The decision leaves an unfathomable question as to how English football can ever break the apparent link between our own fans and racism, as perceived by the international football community, if it cannot be broken while our Football Association is taking a hard line on the matter, only to be undermined by UEFA with decisions such as this involving our clubs.
In recent months English football has been no stranger to race rows. Erstwhile England captain John Terry lost the armband despite having nothing proved against him, with his trial to follow the European Championships. The FA’s conviction to stand by this decision led, in part, to the departure of Fabio Capello from the role of England manager. The decision to strip Terry of the captaincy while uncertainty prevails, over the remarks he might have made to Anton Ferdinand during Chelsea’s match with Queens Park Rangers, was a bold one. It sends out a clear message to the footballing world that English Football will not tolerate racism, at whatever cost to high profile stars, or even to our national team.
A further display of FA muscle on the topic of racism was the decision to ban Liverpool’s Luis Suarez for eight matches for misconduct, in relation to his alleged repeated use of racially offensive words during clashes with Manchester United’s Patrice Evra, earlier in the season.
With all they have done to take a stand against racism the FA must surely feel badly let down, by the European governing body, in relation to the sanctions that were applied as regards Manchester City’s Europa League games. UEFA’s message, intentional or not, is that while England maybe prepared to hamstring their own national side over a racism row, they themselves take timekeeping more seriously. UEFA should be aware that if the Englishman on the street is late to an appointment they are not likely to get arrested, if he walks the streets making monkey noises at black people he, thankfully, is.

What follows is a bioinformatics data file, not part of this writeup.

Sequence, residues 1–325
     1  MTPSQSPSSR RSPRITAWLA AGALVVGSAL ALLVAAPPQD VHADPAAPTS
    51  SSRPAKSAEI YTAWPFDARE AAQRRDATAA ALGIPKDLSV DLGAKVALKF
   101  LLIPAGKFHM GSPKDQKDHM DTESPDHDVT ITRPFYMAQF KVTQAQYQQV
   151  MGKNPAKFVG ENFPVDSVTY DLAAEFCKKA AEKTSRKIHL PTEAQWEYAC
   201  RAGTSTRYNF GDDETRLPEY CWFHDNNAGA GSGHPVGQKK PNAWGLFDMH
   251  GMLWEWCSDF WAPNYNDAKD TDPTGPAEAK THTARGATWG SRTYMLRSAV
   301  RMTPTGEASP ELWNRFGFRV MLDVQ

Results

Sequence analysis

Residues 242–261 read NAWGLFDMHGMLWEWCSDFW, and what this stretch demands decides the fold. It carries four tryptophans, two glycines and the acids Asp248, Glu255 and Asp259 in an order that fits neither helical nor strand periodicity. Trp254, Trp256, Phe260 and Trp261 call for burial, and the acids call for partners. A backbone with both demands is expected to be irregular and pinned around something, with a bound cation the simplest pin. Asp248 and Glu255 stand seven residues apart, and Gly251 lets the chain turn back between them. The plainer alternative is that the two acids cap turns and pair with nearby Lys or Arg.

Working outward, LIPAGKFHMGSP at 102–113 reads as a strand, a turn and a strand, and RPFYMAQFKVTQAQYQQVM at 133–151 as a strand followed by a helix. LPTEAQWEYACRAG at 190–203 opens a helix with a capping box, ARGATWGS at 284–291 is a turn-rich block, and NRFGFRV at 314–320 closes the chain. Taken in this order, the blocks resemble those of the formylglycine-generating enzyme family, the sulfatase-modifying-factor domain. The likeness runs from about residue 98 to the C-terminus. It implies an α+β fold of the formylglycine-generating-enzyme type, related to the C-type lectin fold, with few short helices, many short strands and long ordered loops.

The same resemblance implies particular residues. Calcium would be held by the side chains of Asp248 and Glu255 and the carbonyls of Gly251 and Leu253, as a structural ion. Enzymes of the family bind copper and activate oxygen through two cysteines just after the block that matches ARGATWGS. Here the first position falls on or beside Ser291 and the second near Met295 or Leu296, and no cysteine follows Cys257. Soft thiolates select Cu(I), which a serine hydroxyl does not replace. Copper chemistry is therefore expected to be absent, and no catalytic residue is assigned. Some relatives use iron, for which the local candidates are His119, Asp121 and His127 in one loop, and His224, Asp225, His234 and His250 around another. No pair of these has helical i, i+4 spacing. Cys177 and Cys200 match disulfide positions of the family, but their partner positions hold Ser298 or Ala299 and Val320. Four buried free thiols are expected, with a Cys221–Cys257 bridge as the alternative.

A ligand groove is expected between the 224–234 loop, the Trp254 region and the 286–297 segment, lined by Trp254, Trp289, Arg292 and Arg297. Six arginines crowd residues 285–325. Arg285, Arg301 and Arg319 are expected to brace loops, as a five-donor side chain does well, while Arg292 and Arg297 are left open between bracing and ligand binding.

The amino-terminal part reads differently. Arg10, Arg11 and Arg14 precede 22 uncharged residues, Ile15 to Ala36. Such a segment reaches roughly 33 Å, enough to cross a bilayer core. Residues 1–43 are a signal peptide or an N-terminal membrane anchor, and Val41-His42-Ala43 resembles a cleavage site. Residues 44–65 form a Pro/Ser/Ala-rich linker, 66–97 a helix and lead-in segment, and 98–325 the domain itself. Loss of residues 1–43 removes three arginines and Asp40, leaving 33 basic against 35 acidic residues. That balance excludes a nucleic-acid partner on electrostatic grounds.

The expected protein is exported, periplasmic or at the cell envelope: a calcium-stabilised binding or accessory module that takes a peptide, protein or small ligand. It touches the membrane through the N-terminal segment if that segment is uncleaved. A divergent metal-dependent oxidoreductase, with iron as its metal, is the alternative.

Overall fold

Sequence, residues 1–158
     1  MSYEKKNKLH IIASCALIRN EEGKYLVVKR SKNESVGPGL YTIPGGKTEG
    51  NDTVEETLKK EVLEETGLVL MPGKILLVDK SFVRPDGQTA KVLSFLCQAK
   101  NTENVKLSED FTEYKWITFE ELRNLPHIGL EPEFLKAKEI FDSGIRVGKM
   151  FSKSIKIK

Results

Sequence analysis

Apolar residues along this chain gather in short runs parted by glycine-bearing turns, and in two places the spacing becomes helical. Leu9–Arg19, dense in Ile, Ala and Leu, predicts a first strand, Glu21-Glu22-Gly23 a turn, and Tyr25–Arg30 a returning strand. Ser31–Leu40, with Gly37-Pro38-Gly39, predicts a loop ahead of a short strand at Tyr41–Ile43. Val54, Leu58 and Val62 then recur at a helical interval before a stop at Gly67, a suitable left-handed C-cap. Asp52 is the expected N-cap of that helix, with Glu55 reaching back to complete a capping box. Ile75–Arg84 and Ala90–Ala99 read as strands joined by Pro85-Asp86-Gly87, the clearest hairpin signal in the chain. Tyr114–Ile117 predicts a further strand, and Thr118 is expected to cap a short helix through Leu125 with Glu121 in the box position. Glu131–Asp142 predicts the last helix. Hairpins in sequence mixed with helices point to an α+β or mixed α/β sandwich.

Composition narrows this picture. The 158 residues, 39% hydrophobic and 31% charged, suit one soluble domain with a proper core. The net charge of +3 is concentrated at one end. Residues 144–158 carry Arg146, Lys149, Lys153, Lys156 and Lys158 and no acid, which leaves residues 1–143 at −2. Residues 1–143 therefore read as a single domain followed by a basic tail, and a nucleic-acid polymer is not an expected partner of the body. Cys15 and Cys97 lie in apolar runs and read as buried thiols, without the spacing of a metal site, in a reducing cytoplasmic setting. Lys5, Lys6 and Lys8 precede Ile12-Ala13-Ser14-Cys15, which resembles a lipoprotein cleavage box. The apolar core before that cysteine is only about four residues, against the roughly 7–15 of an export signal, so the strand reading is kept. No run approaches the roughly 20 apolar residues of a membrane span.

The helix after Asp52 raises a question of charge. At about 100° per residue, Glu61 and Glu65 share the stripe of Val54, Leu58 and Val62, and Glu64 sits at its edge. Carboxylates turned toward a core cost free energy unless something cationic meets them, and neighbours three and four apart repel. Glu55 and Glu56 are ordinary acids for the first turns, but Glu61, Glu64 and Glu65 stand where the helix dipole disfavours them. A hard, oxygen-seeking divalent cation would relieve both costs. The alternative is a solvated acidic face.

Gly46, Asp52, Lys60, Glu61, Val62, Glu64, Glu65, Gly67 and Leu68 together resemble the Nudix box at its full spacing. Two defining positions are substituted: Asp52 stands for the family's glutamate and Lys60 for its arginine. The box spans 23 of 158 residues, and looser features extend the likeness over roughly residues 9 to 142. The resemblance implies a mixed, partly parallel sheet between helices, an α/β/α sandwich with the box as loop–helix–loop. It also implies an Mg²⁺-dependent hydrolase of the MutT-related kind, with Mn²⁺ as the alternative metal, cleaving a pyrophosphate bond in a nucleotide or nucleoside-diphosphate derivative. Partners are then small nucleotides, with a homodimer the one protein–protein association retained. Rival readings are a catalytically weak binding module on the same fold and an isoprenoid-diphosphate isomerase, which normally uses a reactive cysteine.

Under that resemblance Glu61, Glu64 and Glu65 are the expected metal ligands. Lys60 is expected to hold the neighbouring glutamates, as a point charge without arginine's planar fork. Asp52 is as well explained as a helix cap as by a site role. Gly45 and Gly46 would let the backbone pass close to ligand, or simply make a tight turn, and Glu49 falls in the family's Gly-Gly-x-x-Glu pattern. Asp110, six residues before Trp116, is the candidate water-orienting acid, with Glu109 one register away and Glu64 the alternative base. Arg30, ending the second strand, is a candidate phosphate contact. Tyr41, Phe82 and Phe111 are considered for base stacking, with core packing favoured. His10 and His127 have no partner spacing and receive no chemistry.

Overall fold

Of course it is likely that the real motivation for fines in relation to time keeping is that modern football is controlled by money, and for money read television companies. Companies who want the live unpredictability of the very event they are covering, minimized to prevent disruption to their schedule, or at the very least to sell that extra 59 seconds of waiting for yet another word from the sponsors. The commercialisation of sport is something fans just have to live with. It is that very commercialisation that renders this whole discussion a point of principal, as £25,000 is neither here nor there to Manchester City. It is the lack of perspective from UEFA that has the propensity to shock.
That night, in Portugal, there were 47,417 spectators present and Porto’s fine was around £16,000. This makes the appointed price per head to racially abuse a man for 90 minutes: 34 pence. What kind of a deterrent is that?